Why History and Science

We may be a good choice for you if:

You would like to do significant work in some area of science (any field taught in the College) and combine it with study of the historical emergence of science as the most authoritative and powerful means we have of knowing the world.

You are interested in Big Questions  the existence of God, the nature of free will, the roots of human morality, and more – and would like to understand the ways in which science has shaped or is shaping the ways in which we think about them.

You are interested in the ways in which science is affected by (and in turn affects) important issues in politics, industry and policy, whether climate change, the teaching of evolution in the public schools, the patenting of genes and new forms of life, and more.

You are considering attending medical school, and would like a concentration that allows you to count many of your premed science requirements, while making it possible for you to take classes and do advanced research in the history of medicine, medical anthropology, and health policy.

You are – or aspire to be – a person who is equally literate in the world of science and the world of the humanities and the social sciences.

You would value a concentration that cares deeply about teaching, provides abundant opportunities for interaction with faculty, and will rigorously train you in essential analytic, presentation, and research skills that will be valuable for you, no matter what career you choose to pursue.

You would value a concentration that will take you and your aspirations seriously: where you can study abroad and receive concentration credit, where you will receive extensive support in the course of writing a senior thesis (if you choose to do so) and where you can publish your own work in the only undergraduate history of science journal in the country.

What are my options? 

The concentration in History and Science has two tracks that provide students with high levels of flexibility. Both of the tracks offer an honors and a non-honors option.

The Science and Society track is designed for students who want to combine history of science (and related areas) with training in a particular science area. We also have a special Medicine and Society option for pre-med students, as well as an option for students interested in Mind, Brain, and Behavior.

The History of Science track offers students the opportunity to take extra courses in history of science and related areas, and does not require any specific science courses. This track allows for more connections to be built to other relevant social science fields, such as sociology, philosophy, anthropology, or government.

Is a thesis a requirement? 

Writing a senior thesis is optional in both tracks of the concentration, but is required for most departmental and college honors. You do not need to decide whether you wish to write a senior thesis until the spring of your junior year. If, however, you choose the Medicine and Society option or the Mind, Brain, Behavior option within the Science and Society track, you will be expected to write a senior thesis.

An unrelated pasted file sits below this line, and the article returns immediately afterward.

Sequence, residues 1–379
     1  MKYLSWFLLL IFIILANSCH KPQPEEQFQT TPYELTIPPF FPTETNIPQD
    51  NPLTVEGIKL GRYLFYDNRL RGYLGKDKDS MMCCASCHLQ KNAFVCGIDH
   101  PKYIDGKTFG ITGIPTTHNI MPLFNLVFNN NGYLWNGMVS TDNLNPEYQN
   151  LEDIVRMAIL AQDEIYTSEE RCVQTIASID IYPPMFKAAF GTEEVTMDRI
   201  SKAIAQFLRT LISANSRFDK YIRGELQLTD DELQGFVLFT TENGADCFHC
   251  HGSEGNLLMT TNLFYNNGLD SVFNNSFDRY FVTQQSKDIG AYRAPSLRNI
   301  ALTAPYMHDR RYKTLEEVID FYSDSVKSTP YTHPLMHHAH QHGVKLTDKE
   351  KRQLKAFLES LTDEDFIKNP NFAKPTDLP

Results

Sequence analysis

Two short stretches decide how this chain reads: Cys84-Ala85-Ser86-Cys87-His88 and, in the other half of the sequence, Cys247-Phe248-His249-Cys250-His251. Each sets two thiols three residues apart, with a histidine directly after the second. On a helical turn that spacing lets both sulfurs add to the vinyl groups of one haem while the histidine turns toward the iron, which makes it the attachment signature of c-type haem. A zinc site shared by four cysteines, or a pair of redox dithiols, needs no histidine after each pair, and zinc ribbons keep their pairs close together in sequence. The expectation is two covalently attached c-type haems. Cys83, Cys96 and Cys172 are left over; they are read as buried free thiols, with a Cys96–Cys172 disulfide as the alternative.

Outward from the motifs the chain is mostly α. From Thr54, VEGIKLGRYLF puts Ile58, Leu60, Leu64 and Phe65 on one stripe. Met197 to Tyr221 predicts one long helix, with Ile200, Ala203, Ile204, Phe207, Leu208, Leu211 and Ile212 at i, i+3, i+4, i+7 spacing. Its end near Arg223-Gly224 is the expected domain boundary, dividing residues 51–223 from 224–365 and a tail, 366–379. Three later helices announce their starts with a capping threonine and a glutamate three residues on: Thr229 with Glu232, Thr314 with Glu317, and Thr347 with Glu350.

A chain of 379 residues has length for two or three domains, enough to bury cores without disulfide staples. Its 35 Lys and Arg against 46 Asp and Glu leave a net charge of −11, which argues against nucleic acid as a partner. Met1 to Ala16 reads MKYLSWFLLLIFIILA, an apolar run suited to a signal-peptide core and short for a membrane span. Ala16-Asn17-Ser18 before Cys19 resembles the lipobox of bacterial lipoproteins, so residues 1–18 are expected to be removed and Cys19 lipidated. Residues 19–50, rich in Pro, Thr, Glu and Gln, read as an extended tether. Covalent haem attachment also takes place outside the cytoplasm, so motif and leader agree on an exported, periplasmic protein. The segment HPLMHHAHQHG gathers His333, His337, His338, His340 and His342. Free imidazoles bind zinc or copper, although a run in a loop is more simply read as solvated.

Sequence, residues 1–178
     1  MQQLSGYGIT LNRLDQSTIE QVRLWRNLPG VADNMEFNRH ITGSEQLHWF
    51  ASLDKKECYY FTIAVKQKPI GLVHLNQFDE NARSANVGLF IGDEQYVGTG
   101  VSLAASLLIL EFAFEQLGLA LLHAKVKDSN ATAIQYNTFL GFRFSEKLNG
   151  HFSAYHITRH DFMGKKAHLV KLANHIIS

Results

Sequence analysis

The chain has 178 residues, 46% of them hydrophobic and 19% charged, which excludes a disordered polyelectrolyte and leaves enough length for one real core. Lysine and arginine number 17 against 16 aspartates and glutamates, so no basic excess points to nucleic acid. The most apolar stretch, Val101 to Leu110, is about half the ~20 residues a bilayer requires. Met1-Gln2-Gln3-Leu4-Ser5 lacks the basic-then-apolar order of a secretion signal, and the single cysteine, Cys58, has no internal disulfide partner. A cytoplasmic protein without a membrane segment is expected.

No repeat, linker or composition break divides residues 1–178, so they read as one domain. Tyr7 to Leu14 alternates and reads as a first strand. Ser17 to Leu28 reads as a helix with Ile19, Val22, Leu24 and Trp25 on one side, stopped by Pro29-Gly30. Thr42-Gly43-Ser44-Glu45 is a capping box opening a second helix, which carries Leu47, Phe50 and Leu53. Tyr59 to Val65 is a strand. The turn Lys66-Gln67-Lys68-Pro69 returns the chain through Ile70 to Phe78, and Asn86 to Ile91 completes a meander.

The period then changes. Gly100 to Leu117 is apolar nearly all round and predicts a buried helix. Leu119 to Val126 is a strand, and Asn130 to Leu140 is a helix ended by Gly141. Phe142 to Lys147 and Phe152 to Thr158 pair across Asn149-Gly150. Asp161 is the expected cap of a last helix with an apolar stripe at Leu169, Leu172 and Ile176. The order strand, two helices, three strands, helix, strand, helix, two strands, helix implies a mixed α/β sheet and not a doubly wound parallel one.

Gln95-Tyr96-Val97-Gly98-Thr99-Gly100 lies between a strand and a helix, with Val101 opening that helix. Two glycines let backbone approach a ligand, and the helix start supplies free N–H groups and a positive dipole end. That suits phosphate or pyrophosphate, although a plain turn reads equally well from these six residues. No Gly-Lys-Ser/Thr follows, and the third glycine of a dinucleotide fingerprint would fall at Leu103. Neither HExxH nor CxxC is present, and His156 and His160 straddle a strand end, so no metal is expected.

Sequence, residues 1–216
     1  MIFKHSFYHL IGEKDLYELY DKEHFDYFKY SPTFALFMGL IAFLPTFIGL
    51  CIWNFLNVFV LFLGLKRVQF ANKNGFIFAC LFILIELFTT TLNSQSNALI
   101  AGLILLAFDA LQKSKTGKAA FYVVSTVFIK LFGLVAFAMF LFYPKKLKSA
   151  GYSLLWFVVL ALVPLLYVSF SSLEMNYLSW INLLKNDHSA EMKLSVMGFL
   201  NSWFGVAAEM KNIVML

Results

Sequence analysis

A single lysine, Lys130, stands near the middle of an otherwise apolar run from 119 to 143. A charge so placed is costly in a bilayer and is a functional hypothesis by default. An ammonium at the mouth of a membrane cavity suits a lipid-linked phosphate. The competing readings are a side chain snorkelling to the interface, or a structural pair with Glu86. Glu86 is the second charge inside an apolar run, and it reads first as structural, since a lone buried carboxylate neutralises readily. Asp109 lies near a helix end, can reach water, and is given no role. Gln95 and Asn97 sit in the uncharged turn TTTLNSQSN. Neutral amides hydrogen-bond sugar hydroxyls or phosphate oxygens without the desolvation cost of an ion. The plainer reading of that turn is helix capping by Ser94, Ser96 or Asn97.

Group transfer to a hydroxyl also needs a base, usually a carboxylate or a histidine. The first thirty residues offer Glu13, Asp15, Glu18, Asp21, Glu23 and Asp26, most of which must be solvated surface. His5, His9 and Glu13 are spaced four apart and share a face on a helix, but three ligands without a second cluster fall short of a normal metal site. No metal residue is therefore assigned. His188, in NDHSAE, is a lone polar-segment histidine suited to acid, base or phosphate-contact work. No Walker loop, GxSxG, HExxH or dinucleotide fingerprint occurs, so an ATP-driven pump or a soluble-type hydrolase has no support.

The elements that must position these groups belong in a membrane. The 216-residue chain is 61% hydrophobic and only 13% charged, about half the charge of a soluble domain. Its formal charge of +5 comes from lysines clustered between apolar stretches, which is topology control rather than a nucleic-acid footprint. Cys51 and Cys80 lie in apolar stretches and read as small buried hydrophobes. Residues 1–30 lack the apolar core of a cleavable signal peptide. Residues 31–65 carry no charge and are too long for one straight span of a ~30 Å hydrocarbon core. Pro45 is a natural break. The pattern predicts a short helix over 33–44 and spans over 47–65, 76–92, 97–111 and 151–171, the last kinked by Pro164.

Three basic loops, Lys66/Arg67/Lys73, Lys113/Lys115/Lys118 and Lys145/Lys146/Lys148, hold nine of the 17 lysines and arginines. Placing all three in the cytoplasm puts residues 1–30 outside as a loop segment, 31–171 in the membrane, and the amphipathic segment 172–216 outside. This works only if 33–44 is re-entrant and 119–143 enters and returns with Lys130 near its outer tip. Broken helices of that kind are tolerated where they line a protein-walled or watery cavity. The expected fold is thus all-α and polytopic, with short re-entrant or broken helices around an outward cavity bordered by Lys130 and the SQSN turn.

We also have a non-thesis honors option that allows students to receive a degree recommendation of “honors” (not “high” or “highest” honors) by completing an extra course requirement at the graduate-level (normally a history of science department 200-level course).

Are there other options besides a full concentration?

History and Science offers a secondary field in the History of Science, Technology and Medicine.  Students may also pursue a joint concentration with History and Science as the primary (but not the allied) field.

What can students do with a History and Science degree?

The answer is “everything and anything.” A History and Science concentration closes few, if any, future career options. Our graduates have gone on to successful careers in many areas, including medicine, law, journalism, government, business, finance, and academia. Employers are increasingly looking for graduates who are not just literate but also analytically skilled in the social sciences, not just technically skilled in a special subject but able to see the larger cultural, social, and policy implications and impact of scientific and technical developments.

History and Science students have done extremely well in winning fellowships, including the Marshall, Rhodes, Mellon, Fulbright, Rockefeller, Rotary, Sheldon, Gates-Cambridge, and Ford Foundation Research grants, and are encouraged to apply for these and others. Our students also regularly win Hoopes Prizes for their senior thesis projects. Please see the Office of Career Serviceswebsite for information about the broad range of fellowships and grants available to students.

For more information

If you are interested in learning more about what the History and Science concentration can offer you, or if you have more questions, please feel free to contact Allie Belser, our Manager of Student Programs, or Prof. Anne Harrington, our Director of Undergraduate Studies.  For contact information, see our Advisingpage.